In a further study, Annest S J et al. [Annest S J et al. (1981) The Journal of Trauma 21: 1029] describe the use of sodium nitroprusside (Np) and nitroglycerin (Ng), both substances which lead to release of nitric oxide in the body, on 11 patients with post-traumatic pulmonary dysfunction. The authors state that infusion of Np and Ng leads to a reduction in the acute pulmonary hypertension and is associated with a deterioration in the arterial oxygen content. The authors conclude from this that the pulmonary hypertension associated with post-traumatic acute pulmonary dysfunction must have been produced by vasoconstriction in regions of the lung with poor or absolutely no ventilation. They postulate that this is caused by so-called hypoxic vasoconstriction. Thus, infusion of the vasodilators Np and Ng leads via relaxation of the constricted vessels to a reduction in the pulmonary pressure, but with the consequence of a deterioration in gas exchange through admixture of low oxygen-saturated blood. The authors do not describe the effect of systemically administered nonselective vasodilators such as, for example, guanylate cyclase activators. On the contrary, this article suggests to the skilled person that a mismatch is to be expected on systemic administration of a vasodilator.

Bencowitz H Z et al. [Bencowitz H Z et al. (1984) Journal of the American College of Cardiology 4: 918] describe the effect of sodium nitroprusside (Np) on the gas exchange function and the systemic circulatory function in 5 patients with impairments of the pumping function of the left heart (congestive heart failure) and with impairments of the gas exchange function (respiratory failure). According to the authors, infusion of Np increases the ventilation-perfusion mismatch in the lung. The authors emphasize that although infusion of Np has a beneficial effect on heart function (cardiac output) and oxygen transport in the studied patients, Np has an adverse effect on the ratio of ventilation and perfusion in the lung and possibly has harmful effects for patients with heart failure.

A paper by Schermuly R T et al. [Schermuly R T et al. (2001) Am J. Respir. Cell. Mol. Biol. 25: 219] describes the effect of urodilatin—a natriuretic peptide which activates particulate guanylate cyclase—and dipyridamole—a phosphodiesterase 5 inhibitor—in a rabbit model of acute pulmonary hypertension. According to the authors, systemic administration both of urodilatin and of dipyridamole led to a dose-dependent reduction in the pulmonary and systemic vasodilatation. A dose of dipyrimadole which shows no activity per se leads to a marked enhancement of the vasodilatation caused by urodilatin in the animal model described. The results of the study show that intravenous administration of the guanylate cyclase activator urodilatin leads to a marked reduction in pulmonary hypertension but also reduces the pressure in the systemic circulation to the same extent and thus has no selectivity in relation to the pulmonary circulation. The statements by Schermuly et al. do not relate to the effects on gas exchange due to administration of the vasodilators. The authors describe the effect of the vasodilators on the systemic and pulmonary haemodynamics; no effect of the vasodilators on gas exchange is described. Accordingly, it is evident to the skilled person that the guanylate cyclase activator used has no selectivity for the pulmonary circulation and is therefore unsuitable as substance for treating respiratory failure.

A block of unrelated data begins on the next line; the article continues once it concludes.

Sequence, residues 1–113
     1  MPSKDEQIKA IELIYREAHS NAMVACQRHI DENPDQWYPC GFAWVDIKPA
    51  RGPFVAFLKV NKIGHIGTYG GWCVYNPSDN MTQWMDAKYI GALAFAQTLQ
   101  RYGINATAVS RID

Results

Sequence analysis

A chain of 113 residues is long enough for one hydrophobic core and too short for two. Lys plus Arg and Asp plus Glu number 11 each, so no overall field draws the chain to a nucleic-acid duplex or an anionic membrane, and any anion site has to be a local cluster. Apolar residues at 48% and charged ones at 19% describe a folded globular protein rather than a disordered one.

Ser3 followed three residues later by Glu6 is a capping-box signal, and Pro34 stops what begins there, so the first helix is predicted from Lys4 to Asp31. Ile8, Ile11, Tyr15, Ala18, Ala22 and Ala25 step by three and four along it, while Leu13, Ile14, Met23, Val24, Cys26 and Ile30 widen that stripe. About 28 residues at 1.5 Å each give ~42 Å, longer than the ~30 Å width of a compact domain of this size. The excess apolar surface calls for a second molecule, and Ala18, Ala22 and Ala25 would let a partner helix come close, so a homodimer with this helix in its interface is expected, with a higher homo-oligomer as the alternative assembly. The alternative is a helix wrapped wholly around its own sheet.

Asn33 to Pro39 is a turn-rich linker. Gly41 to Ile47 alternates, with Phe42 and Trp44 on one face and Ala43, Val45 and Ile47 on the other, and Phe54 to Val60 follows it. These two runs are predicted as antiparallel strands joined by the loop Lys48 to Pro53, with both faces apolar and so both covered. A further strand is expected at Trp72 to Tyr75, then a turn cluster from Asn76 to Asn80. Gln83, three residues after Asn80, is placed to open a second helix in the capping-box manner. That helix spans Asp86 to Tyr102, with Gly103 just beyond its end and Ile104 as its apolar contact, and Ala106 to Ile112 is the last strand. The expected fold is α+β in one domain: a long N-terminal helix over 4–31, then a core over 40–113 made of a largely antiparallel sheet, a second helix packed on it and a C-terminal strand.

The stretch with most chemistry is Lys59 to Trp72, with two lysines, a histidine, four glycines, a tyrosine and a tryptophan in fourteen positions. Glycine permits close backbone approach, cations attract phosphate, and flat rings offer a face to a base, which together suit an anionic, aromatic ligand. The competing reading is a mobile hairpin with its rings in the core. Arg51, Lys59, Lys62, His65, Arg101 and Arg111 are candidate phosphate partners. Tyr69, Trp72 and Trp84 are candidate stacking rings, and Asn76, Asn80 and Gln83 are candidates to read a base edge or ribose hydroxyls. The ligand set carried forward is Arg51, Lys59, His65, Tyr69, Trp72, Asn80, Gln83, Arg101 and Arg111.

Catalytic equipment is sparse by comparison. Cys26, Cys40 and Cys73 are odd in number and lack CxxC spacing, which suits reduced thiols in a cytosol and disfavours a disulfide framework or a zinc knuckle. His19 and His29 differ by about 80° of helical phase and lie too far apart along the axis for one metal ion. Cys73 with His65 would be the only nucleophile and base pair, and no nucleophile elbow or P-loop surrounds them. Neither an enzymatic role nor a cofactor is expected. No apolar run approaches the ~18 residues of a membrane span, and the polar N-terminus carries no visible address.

Forssmann W et al. [Forssmann W et al. (2001) Cardiovascular Research 51: 458] also describe the use of urodilatin; in this case as possible use for the treatment of bronchoconstriction and acute asthma. The authors' arguments are based on studies in which intravenous administration of urodilatin led to an improvement in the ventilatory parameters in patients with bronchial asthma. The authors base the bronchodilating effect of urodilatin on the increase in the intracellular cGMP levels in bronchial smooth muscle cells. The essential content of the paper by Forssmann W et al. is thus the improvement in the ventilatory restrictions of patients with asthma owing to the effect of urodilatin on bronchial smooth muscle cells. The authors thus describe the effect of a guanylate cyclase activator on the ventilatory efficiency (reduction in airway resistance). The oxygen content of the blood and thus aspects of ventilation/perfusion matching (gas exchange) are not described by Forssmann W et al. Hence, according to Forssmann W et al., a systemically administered bronchodilator is expected however to result in a deterioration in matching via a nonselective vasodilatation in poorly ventilated areas of the lung, despite an improvement in overall ventilation.

Examples III and VI of WO 9009171 describe various combinations of a guanylate cyclase activator with bronchodilators. Example III describes the use of guanylate cyclase activator with isosorbide dinitrate (a beta-blocker with a potentially bronchoconstricting effect) and an antiarrhythmic. Example VI describes the guanylate cyclase activator isosorbide mononitrate with amiodarone (an antiarrhythmic) and likewise with a beta-blocker.

A whole series of guanylate cyclase activators are known from the prior art and are described as substances for the treatment of asthma, diabetes, stroke or pulmonary hypertension.

DESCRIPTION OF THE INVENTION

The object of the present invention is thus to provide a substance which, on oral, intravenous or else inhalational administration, leads on the one hand to the preferred dilatation of vessels in the pulmonary circulation (pulmonary selectivity) and, at the same time, to a redistribution of the blood flow within the lung in favour of the well-ventilated areas (intrapulmonary selectivity).